Called Out: Can Broncos buck Ravens D?
Who doesn't love a good scare come Halloween time?
Seriously, what else could explain the need for five sequels to "Saw"? Horror apparently sells -- so says the motion picture industry -- but it's not like the NFL is devoid of its horror shows. For instance, you've got:
• Terrell Owens' zero-touchdown season. How much longer before this ticking time bomb goes off? Heck, he's not even in the top 25 in terms of targets.
• JaMarcus Russell. The guy has a 46.3 completion percentage, a 47.2 passer rating and four times as many interceptions (8) as touchdowns (2). And the guy is going to start again in Week 8. What's scarier than that?
• Well, maybe having Vince Young back as an NFL starter. Still, at least his scrambling ability makes him somewhat more attractive to fantasy owners, but boy, could the Tennessee Titans' season have been more frightening to date?
• Dan Snyder. Jim Zorn needs to be terrified of the guy right now.
So turn on all the lights, lock all the doors and shut the windows. Let's take a closer look at this week's rankings, provided kindly as usual by Matthew Berry, Christopher Harris, Eric Karabell and Erik Kuselias, and see if we can't assuage your fears about this week's biggest disparities. And whatever you do, don't feed your fantasy analysts after midnight.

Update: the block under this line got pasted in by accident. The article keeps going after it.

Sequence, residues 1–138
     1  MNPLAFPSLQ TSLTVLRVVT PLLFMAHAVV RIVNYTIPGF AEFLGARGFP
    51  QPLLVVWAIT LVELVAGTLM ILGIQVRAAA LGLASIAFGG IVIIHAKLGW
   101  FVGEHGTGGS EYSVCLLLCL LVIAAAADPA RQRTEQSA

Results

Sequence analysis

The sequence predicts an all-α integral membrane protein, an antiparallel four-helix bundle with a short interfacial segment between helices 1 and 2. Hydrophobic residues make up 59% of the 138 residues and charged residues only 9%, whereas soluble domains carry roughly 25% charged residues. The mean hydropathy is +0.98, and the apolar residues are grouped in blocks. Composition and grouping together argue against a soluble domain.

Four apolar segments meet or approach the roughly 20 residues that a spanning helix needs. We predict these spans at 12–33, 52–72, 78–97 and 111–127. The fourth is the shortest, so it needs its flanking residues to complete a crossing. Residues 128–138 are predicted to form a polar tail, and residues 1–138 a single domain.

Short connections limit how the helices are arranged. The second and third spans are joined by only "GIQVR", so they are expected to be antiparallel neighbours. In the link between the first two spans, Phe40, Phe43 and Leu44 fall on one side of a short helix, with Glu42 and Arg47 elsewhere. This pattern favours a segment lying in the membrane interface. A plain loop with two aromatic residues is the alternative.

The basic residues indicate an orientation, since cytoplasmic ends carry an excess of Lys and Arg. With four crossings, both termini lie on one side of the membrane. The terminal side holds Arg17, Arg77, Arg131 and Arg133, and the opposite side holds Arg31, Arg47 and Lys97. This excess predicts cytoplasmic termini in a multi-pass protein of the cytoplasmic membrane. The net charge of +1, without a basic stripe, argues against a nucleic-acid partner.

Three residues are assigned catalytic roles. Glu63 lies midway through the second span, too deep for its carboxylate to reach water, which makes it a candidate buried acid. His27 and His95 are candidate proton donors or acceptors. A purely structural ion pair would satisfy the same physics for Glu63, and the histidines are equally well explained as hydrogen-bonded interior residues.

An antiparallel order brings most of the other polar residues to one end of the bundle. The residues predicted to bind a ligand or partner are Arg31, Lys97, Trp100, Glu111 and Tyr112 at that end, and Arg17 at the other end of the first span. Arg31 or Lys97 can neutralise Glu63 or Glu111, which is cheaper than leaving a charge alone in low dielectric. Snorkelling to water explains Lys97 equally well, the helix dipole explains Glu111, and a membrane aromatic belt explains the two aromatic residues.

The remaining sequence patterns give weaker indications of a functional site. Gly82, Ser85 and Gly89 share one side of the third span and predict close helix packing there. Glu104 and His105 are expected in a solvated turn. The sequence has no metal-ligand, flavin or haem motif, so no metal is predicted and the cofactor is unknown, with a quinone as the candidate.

"Holt still hasn't scored a touchdown, and while I realize the Titans' defense has permitted many a player to achieve firsts, I don't assume this is the game in which Holt thrives," says Karabell. "I ranked Mike Sims-Walker in the top 10, and Maurice Jones-Drew second at running back. They should enjoy themselves. Holt had three receptions for 42 yards the last time the Jacksonville Jaguars and Titans met. The fact I even ranked Holt in the top 40 is my way of saying he's usable. Even with six teams on bye, I think it's a stretch to make him a flex choice. But hey, he might be a Hall of Famer."